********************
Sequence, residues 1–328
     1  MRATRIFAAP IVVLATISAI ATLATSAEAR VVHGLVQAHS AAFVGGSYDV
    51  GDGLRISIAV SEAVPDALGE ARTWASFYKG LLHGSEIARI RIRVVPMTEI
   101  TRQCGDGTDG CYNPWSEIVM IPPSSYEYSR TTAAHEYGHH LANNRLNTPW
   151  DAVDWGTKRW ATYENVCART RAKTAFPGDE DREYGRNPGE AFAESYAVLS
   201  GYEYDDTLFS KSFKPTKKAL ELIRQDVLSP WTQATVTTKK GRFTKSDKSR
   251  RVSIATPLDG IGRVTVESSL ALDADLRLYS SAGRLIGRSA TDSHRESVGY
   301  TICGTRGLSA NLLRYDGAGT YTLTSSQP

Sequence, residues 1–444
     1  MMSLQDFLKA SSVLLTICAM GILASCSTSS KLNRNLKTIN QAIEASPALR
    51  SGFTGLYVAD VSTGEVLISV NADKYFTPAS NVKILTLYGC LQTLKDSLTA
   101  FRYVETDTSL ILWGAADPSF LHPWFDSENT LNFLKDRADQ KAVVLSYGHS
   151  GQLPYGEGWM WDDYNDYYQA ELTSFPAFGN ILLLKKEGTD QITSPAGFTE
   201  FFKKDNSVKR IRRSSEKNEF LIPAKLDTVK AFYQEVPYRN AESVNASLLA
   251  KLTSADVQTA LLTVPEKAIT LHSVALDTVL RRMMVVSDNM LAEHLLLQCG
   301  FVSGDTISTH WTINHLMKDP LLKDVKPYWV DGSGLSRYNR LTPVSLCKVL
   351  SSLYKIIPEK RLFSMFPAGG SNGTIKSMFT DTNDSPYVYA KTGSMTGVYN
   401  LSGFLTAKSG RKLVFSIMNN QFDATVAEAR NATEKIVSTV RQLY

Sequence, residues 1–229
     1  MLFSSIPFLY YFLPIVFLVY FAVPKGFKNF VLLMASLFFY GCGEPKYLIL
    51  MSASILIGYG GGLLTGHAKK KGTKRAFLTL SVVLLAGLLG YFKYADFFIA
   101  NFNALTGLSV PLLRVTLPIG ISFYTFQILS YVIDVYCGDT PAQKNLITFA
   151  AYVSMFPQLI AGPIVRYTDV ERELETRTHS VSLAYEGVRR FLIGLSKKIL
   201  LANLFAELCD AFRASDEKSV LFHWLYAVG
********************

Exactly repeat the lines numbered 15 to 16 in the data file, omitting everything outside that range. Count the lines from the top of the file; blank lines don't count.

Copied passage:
   251  KLTSADVQTA LLTVPEKAIT LHSVALDTVL RRMMVVSDNM LAEHLLLQCG
   301  FVSGDTISTH WTINHLMKDP LLKDVKPYWV DGSGLSRYNR LTPVSLCKVL